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Dalhousie on track to meet greenhouse gas reduction targets

Some students say divestment needs to be part of the plan

Rochelle Owen, the director of the Office of Sustainability at Dalhousie University, says she’s confident the university can meet its greenhouse gas reduction target of 50 per cent by 2020, and net zero by 2050.

According to its last greenhouse gas inventory, Dalhousie University emitted 98,659 tonnes of greenhouse gases in 2014-2015. These are gases like carbon dioxide (CO2) and methane that are released in the atmosphere from the burning of fossil fuels and contribute to climate change.

In 2010, Dalhousie University committed to reducing its emissions by 20 per cent in 2016, 50 per cent in 2020, and 100 per cent in 2050.

Owen says the data for 2016 is still being analyzed, but she’s certain that if Dalhousie hasn’t achieved it, it’s very close. “The big one is 50 per cent reduction by 2020,” she says, as well as the goal of zero emissions by 2050. They’re big goals, she says, but they are achievable.

Owen says a big part of reducing emissions is simply improving the campus’ energy efficiency. “In the world of energy management, the first thing you do is, don’t use it at all if you can help it, reduce it, and then fuel switching,” explains Owen.

Fuel switching means switching from high-emission energy sources to sources that produce less, or no greenhouse gas emissions, like renewable energy.

It’s not going to be easy, says Owen. Some buildings on campus have really high energy needs. “They have whacky wonderful things that use a lot of energy plugged in, and fume hoods, and that kind of thing,” she says. Buildings with research labs, for example, typically use up to five times the amount of energy academic buildings need.

Owen says the key to achieving the zero emissions target for Dalhousie is energy co-generation. Co-generation, or “cogen” refers to a method of generating electricity while capturing and using the heat that is produced in the process.

Owen’s vision is that Dalhousie could reduce its emissions down to five or 10 thousand tonnes, and buy carbon offsets for the remaining emissions. Carbon offsets are a way of compensating for emissions by funding projects that reduce greenhouse gas emissions or remove CO2 from the atmosphere (for example, through reforestation).

“I think that making the campus net zero is fantastic and it’s going to happen, and I’m very grateful for people who are putting their energy into that,” says Becca Lash, a member of Divest Dal and masters student in Social Anthropology.

But Divest Dal still wants divestment to be part of the university’s action on climate change.

“Otherwise I feel like it’s very hypocritical for Dal to call itself a sustainable institution and to have all these policies in place when it’s still financially supporting fossil fuel companies that are actively degrading the environment,” says Kathleen Olds, also a member of Divest Dal and a second year student in Economics and Sustainability.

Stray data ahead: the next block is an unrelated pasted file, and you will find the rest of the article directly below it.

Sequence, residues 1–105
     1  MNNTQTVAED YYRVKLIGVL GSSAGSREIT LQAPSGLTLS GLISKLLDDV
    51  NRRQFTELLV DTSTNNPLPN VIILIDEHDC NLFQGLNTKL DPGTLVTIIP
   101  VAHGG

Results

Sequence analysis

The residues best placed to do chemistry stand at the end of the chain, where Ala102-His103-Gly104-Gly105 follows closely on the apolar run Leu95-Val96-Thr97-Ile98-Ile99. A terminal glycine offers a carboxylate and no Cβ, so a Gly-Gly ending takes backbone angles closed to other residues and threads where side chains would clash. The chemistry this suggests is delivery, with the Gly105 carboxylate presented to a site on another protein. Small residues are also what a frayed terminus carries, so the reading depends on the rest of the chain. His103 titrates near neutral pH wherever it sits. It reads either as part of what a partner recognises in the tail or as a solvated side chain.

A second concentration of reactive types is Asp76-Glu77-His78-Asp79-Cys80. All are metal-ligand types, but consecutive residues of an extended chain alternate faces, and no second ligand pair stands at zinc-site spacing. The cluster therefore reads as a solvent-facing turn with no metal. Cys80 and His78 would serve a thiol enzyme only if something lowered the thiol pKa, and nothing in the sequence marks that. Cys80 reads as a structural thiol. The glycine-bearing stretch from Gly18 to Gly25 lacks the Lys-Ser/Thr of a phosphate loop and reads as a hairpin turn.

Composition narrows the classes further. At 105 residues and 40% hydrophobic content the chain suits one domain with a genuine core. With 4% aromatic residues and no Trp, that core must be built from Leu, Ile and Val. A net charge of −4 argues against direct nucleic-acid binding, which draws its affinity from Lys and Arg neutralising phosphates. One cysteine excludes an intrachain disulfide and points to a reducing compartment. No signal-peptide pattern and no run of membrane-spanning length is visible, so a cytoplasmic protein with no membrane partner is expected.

Olds says that the good things Dalhousie is doing to deal with climate change shouldn’t detract from the fact that it is still actively supporting companies that are damaging the environment.

“In this case it’s not just about reducing our carbon emissions, it’s not just about building LEED-certified buildings, it’s about removing the social license from companies that are actively degrading the environment. We can’t have like, ‘everyone change your light bulbs’ as a long-term plan for climate justice,” she says.

At the same time, Lash wants to make sure people understand that both approaches are important. “I don’t think they’re antithetical in any way. If anything there could be better coordination between the wonderful and necessary work to physically improve this school in terms of carbon neutrality and groups like ours who are kind of working on the political side.”

So far, however, the Board of Governors has not been enthusiastic about the idea of divestment. In a statement available online, chair Lawrence Stordy writes, “…the Board believes it will have more influence with regard to climate change as an engaged investor than it would through a one-time decision to divest holdings in carbon companies.”

Stordy’s statement hasn’t discouraged members of Divest Dal. They see the recent commitment to divest by Université Laval as setting a precedent. “One, divestment is possible, and two, it makes you look really good,” says Olds.

And, she adds, they’ve got a couple of things up their sleeve before the end of the year. “We’d like to bring divestment back to the table for the Board of Governors as soon as possible.”

Mira Chiasson writes in partnership with the Dalhousie Gazette and the Dalhousie Student Union Sustainability Office (DSUSO). 

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